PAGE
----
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THE

LONDON

MAGAZINE.

No. X. JANUARY, 1829.

THE SILK QUESTION.

We are disposed to make every allowance for persons who imagine, however erroneously, that their interests are suffering from any particular measures that may be adopted with reference to them; and if their pertinacity in the defence of what they conceive to be a vital object be often carried far beyond the point of sober reasoning, we are inclined to overlook the ridicule that may justly apply to all querulousness founded upon prejudice and blind self-love. But the pertinacity of the party fancying himself aggrieved, and the patience of the other party that is doomed to hear assertions that have been successfully controverted as often as they have been put forth, must, like every thing else, have their limits. The patience of the patient man of old, had silk-weavers struggling for a monopoly been in fashion in his days, would have been worn out. However, we are compelled again to “ slay the slain;" which we will do as concisely as the subject will admit of.

The restrictionists of the silk trade have for some time had their guerillas in motion carrying on a desultory warfare, which we now understand is to be turned into a regular campaign, and their grievances brought up in array to frighten the Cabinet and the Parliament. At present the light troops are only in array, and with them we will deal as summarily as may be. We would have waited till all the forces were in the field, but we do not choose that even a beaten enemy should steal a march upon us. We understand that a great effort is to be made during the next Session of Parliament in order to show that the new commercial code will destroy the silk manufacture, and that it must be immediately abandoned; that all the leading places connected with it are under the severest depression; and nothing short of prohibition-protection will not do—will restore this trade to its former prosperity. The decrease of spindles at work, and the increase of poor-rates, are calculated with arithmetical nicety; and the year 1824, a period of the wildest speculations and, we may add, the most dishonest adventures, (in which many persons connected JANUARY, 1829.

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with the silk trade led the way,) and consequently one of almost unprecedented activity, is to be compared with the year 1826, a season when the result of these adventures was felt in its full force, and the most distressing embarrassment was experienced in every branch of commerce. But it is convenient to select this year, because it was the first for the operation of the new system upon the silk manufacture; and we take it for granted that those engaged in that trade are prepared to assert that it has been getting worse and worse ever since, because that unimportant part of the English community, the public, is no longer obliged to pander to the inactivity and avarice of monopolists, but is allowed to purchase under a wholesome competition. A stranger to the subject would believe, if he were now to converse with the silk-weavers, that they never complained before, and that their trade was always prosperous, subject to no vicissitudes and no jealousies. But what is the fact ? Why that the inhabitants of Spitalfields more especially, when they were entrenched up to their eyes in restrictions, were always pestering the Legislature for more protection even against their fellow-subjects; and their folly at times has been carried to such an extreme upon this point that, had it been listened to, they would have lost the manufacture altogether. Restriction was their only hope; they thought of it by day and dreamt of it by night; and were as anxious formerly to be protected against Macclesfield, as they now are against Lyons. This is at once presumptive evidence of their want of knowledge in their own affairs. But when we have positive, we need not refer to less certain testimony, in proof of the little attention that ought to be paid to the remonstrances of these complainants, whose text is, that they cannot compete with the foreigner at the rate of duties now in existence, under the present circumstances of the country, and the condition of their trade.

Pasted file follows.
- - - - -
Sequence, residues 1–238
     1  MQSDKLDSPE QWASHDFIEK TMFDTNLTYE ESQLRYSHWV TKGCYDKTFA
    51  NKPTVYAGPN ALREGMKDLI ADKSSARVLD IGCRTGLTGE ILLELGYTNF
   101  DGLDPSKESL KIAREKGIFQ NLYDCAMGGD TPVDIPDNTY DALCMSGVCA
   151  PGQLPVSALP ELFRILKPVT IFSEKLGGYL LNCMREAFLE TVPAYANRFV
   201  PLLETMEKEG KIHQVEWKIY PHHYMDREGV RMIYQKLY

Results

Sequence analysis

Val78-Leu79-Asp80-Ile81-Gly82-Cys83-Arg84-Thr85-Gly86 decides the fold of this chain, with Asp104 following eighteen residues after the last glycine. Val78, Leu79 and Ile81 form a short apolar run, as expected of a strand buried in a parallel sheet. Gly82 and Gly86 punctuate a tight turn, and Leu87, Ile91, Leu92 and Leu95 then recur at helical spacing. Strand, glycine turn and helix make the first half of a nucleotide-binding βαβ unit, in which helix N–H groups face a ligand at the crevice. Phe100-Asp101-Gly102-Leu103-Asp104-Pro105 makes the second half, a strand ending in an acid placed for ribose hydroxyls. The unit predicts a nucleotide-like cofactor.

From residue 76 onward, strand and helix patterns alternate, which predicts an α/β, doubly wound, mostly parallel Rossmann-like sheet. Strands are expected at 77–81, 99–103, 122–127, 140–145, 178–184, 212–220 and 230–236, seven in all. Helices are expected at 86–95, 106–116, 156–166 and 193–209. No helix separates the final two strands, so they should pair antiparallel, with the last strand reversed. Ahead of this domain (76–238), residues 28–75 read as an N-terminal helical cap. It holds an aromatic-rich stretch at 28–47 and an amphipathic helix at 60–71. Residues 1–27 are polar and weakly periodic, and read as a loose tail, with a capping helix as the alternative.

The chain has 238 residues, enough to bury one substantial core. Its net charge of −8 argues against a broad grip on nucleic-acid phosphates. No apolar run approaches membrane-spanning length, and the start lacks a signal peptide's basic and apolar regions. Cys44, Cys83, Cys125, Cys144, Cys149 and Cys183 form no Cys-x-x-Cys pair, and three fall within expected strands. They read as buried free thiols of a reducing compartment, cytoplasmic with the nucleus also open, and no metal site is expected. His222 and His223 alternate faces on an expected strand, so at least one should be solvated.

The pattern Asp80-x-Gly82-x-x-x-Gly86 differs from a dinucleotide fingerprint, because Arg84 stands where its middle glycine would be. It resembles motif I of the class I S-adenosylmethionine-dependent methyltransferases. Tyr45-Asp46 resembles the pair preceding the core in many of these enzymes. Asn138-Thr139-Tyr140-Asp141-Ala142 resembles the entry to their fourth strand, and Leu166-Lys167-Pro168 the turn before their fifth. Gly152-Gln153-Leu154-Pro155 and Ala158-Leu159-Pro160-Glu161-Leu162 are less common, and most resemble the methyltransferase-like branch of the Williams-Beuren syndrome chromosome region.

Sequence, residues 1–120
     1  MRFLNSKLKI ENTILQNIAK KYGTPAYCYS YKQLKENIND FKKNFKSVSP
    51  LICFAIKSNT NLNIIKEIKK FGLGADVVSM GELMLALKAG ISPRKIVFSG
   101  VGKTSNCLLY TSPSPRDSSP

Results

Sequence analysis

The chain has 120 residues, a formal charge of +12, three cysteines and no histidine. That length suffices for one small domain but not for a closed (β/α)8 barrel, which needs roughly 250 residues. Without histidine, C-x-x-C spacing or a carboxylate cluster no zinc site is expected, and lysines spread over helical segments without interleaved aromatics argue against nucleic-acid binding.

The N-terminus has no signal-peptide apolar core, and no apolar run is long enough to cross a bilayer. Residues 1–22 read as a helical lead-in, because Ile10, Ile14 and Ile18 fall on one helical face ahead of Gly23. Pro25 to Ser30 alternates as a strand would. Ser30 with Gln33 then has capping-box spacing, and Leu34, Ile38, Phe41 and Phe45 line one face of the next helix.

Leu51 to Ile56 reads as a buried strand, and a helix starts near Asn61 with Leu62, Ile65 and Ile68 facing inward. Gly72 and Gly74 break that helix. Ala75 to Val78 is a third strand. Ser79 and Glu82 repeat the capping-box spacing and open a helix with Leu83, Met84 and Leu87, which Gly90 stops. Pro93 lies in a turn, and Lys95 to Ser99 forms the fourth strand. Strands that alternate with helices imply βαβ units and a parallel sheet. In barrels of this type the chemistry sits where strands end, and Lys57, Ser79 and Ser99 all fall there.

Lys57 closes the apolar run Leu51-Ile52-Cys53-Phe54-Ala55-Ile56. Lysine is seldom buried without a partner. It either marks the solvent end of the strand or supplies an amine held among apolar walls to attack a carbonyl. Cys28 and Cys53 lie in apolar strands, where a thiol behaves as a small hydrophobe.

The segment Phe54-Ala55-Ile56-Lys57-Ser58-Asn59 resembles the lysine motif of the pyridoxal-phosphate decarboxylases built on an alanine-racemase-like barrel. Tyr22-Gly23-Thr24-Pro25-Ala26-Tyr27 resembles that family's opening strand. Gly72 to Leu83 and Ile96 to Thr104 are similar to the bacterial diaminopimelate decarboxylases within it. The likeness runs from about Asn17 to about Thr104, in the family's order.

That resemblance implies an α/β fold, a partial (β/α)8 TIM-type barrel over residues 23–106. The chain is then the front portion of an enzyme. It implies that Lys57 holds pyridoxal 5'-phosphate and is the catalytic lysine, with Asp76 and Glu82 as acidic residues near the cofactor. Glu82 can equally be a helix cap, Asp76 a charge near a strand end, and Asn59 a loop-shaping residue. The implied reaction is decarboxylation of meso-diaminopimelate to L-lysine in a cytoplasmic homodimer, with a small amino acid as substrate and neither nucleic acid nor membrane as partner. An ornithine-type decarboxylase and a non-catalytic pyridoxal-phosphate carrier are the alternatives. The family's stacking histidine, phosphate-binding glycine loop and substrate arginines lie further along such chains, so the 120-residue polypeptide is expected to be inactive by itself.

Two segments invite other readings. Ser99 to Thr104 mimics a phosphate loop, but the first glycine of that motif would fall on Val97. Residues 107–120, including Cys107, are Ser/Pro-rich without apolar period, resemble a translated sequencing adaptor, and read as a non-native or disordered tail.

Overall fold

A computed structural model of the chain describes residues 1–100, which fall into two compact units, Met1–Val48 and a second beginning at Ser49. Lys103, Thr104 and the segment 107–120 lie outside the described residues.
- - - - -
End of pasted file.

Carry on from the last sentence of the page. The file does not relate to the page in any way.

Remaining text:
Depression is always in some degree experienced between Michaelmas and Christmas in commercial affairs; and it is certainly unfortunate that no law can be framed to protect the silk-weavers and throwsters from the bad effects of two or three gloomy months. In furtherance of the object to give a false impression as to the present inactivity in this department of commerce, it is stated, that, in Macclesfield and various other places, mills are untenanted in many instances, and in all that they are only partially employed. But the extension of the trade to localities that before did not partake of it, is studiously kept out of view; and the improvement in machinery in these localities is with equal care avoided. The fact is, great improvement has taken place in many instances by active and enterprising individuals, but it has not been fairly followed up; and all inquiries upon this important subject are met by the question, is it reasonable to suppose that if improvements could take place in machinery to enable silk-weavers and throwsters to compete with foreigners, they would not be adopted ?–Mr. Pitt, one night, in the House of Commons, upon being told by a country gentleman, that his ideas failed him when he endeavoured to contemplate the mischief that some measure of the government would produce, replied, “I thank God that, amidst all my arduous duties, it not one of them to find ideas for the Honourable Gentleman opposite.” We are equally

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